In order to prepare Fe/Ni nanoparticles, in an ultrasonic bath (Parsonic mini, Iran) the fresh nZVI soaked in ethanol solution containing nickel chloride 25 wt%. Tee et al. reported optimum catalytic effect of nickel was reached at 25 wt% Ni (Tee et al. 2005). This caused Fe0 oxidation and deposition of Ni0 on the nZVI surface afterwards. Bimetallic nanoparticles were obtained as indicated in Equation (2) (Bokare et al. 2007). 
formula
2
Coating of Fe/Ni nanoparticles keeps the second metal (Ni) at the surface of nZVI, so Ni can catalyse the reactions (Savage et al. 2008).

Degradation of TCE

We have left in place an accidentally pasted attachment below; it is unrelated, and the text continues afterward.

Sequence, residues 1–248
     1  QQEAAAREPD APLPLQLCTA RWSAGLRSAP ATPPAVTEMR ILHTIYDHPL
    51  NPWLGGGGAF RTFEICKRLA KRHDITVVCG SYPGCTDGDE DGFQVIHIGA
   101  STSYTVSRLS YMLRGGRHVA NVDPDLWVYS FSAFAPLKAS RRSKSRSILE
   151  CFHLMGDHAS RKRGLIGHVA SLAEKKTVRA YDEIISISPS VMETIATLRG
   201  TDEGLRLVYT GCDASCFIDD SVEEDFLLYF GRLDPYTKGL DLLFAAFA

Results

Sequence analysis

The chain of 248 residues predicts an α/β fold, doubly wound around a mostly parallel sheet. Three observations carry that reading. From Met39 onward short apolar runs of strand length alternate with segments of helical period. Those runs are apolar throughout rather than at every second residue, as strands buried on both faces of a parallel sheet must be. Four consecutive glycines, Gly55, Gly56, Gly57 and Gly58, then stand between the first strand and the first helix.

Different concentrations of TCE (10.0–300.0 mg L−1) in aqueous solution were prepared by adding quantities of TCE based on experimental design in DI water and purged by Argon to omit DO. Batch tests were conducted in a 50 ml serum bottle capped with a Teflon Mininert valve filled with a 50 ml sample of selected TCE concentration. Initial pH solution also based on experimental design was adjusted by using 1 M HCl or 1 M NaOH solutions. Degradation was initiated by injecting a quantity of nanoparticles which were prepared just before each experiment based on TCE concentration and experimental design. Then the mixture was mixed on a rotary shaker operated at 40 rpm at ambient temperature (25 °C). Parallel control experiments also were conducted. At selected time 60 min, 0.1 ml of sample was withdrawn from the bottle and mixed with 1 ml n-hexane. Then the extracted upon phase, which contained TCE and n-hexane, was transferred to a 2 ml gas chromatography (GC) vial. The extracts were analysed to identify TCE by using an Agilent 7890A GC coupled with an Agilent 5975C mass selective detector (MSD) (Agilent Technologies, Santa Clara, CA, USA), a capillary column (30 m × 250 μm × 0.25 μm) and an ion trap mass spectrometer. The sample (4 μl) was injected in split mode with split ratio of 100:1 and carrier gas was helium at 1 ml min−1. The oven temperature was programmed to start at 40 °C, hold 1 min, ramp up to 90 °C at a rate of 5 °C min−1 and hold 1 min. The temperature of the injector and the detector were 250 °C and 300 °C, respectively. For the accuracy of data, all experiments were prepared in triplicate.